We are also approaching the 2017 CrossFit Open. At this point in time we want to work on figuring out what is limiting you from maximising your power output. Be consistent in your attendance and there will be nothing to worry about 😉

If you haven’t already, set some SMART goals with your coach. It is time to dig in and enjoy the ride of another opportunity to get fitter!

Mobility Monday | Ep 3 | Thoracic Extension Mobilisation

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Today’s episode will be covering one of my favourite mobilisation drills for the upper back/thoracic region on the spine.


1. A good analogy of the spine is to think of it like a tree; at the base of the tree (Coccyx, Sacrum & Lumber spine) there’s little movement which is it’s stable foundation. But, further up the tree (Thoracic & Cervical spine) mobility increases to allow the trunk to move freely.

2. Shoulder mobility starts with the spine so if you’re lacking thoracic extension, forget about doing overhead work safely.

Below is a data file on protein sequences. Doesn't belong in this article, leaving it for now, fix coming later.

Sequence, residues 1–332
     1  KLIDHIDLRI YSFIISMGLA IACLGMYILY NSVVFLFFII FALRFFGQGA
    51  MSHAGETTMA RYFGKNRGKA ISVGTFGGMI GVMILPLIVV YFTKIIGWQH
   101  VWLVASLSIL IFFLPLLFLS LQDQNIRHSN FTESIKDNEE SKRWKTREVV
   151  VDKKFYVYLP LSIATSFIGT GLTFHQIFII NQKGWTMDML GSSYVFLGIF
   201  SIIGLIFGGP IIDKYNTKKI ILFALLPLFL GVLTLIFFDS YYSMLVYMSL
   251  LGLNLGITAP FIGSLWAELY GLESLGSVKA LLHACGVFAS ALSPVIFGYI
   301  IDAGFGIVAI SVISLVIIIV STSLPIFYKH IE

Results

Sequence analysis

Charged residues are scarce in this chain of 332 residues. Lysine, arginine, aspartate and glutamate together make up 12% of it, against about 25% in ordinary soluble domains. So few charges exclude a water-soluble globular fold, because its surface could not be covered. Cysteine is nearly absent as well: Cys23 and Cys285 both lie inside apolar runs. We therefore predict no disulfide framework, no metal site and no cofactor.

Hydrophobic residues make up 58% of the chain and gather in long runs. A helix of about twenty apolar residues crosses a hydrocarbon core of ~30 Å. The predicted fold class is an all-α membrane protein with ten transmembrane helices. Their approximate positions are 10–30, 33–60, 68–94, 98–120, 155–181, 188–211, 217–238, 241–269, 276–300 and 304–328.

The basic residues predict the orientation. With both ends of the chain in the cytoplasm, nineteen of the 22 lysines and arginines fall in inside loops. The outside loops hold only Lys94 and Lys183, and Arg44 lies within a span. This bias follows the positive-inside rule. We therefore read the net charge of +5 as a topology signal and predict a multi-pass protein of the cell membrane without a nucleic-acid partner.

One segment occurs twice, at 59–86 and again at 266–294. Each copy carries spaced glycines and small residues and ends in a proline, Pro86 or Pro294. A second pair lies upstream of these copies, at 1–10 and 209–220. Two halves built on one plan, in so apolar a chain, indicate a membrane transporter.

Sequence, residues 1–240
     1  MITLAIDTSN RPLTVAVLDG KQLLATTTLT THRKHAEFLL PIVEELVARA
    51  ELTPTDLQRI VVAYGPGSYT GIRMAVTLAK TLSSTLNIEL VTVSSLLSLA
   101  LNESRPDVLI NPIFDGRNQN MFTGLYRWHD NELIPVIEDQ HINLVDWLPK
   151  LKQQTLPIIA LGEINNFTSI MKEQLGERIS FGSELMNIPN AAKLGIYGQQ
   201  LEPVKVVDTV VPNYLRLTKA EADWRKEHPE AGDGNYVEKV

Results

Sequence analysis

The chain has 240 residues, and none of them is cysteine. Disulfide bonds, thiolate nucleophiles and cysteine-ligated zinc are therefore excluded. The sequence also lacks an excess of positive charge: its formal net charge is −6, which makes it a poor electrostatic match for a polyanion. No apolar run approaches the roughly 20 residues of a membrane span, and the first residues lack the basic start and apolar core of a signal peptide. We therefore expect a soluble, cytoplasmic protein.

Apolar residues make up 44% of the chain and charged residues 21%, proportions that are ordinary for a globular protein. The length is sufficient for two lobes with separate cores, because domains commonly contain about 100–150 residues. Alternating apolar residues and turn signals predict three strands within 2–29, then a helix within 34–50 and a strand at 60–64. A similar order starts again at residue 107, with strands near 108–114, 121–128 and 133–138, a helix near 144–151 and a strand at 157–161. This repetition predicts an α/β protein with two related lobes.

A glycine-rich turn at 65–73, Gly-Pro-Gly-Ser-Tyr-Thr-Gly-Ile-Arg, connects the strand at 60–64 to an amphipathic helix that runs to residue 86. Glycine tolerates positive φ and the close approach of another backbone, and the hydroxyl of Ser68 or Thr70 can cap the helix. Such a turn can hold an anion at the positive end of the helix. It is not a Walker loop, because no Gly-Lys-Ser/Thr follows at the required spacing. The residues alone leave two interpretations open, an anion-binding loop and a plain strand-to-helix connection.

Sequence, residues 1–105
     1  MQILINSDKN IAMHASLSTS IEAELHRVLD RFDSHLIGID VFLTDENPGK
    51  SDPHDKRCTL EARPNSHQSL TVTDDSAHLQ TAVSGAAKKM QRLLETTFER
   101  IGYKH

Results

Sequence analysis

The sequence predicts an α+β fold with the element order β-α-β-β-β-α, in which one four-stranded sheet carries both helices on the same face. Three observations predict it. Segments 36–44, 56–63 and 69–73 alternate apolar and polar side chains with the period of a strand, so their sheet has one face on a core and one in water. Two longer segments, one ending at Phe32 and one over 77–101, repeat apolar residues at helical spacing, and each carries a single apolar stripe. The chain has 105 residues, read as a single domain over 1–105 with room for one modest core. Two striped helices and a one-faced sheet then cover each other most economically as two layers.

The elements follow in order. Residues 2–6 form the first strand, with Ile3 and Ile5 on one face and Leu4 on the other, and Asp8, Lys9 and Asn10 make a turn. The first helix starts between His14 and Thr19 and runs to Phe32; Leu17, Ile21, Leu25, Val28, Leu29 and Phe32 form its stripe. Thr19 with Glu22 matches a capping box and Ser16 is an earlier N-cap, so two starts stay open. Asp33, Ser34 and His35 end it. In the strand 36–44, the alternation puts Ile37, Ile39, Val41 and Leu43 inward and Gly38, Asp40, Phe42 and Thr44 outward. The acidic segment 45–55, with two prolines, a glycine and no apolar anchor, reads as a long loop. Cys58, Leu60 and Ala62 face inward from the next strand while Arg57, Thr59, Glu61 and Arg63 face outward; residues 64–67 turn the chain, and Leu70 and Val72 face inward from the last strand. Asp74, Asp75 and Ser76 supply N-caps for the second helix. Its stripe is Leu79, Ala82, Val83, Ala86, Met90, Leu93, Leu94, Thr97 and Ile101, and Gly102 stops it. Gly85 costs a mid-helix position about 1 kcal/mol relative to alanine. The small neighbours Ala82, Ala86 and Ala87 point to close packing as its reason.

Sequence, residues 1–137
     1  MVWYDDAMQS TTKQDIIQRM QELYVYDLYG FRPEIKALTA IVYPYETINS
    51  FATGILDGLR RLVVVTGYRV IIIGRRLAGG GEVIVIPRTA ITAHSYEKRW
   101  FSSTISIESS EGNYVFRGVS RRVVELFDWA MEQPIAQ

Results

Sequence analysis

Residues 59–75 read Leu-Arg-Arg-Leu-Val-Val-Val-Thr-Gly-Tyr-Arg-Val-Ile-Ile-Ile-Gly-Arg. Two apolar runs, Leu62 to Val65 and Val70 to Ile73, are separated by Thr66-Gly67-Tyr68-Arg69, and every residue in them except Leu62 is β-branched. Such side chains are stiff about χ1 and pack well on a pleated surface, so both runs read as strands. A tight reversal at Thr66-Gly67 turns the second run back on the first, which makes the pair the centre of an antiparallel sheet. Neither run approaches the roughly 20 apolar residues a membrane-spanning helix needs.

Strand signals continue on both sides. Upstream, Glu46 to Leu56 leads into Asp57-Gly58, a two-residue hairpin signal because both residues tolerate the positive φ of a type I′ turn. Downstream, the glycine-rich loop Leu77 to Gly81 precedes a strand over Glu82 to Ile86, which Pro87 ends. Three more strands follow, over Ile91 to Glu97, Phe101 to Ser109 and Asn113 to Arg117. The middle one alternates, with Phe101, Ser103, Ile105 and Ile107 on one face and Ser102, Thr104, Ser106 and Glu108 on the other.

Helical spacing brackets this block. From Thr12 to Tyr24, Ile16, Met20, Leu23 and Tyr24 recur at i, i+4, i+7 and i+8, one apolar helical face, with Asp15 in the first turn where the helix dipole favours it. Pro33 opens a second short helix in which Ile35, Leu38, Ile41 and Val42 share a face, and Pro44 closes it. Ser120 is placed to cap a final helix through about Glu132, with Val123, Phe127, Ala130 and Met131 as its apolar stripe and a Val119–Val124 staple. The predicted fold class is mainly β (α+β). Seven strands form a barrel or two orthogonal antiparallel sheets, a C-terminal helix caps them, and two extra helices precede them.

3. Thoracic spine, Scapular and Glenohumeral joint (shoulder) have an incredible synergistic relationship so adequate thoracic mobility must be maintained if want healthy shoulders.

1. Use a back ball, two tennis balls tapped together or a thin foam roller and start just below the inferior angle of the scapular. After a set of 5-8 repetitions slowly move the object towards the head an inch and repeat for 2-4 sets

2. Focus on wrapping your shoulders back while keeping your ribs down and make sure not to compensate with Lumber extension.

3. Complete each repetition through the tempo of your breathing. So as you exhale extend back over the object and flex forwards as you inhale.


I hope you have enjoyed the episode and stay tuned for next week!

Dylan Jones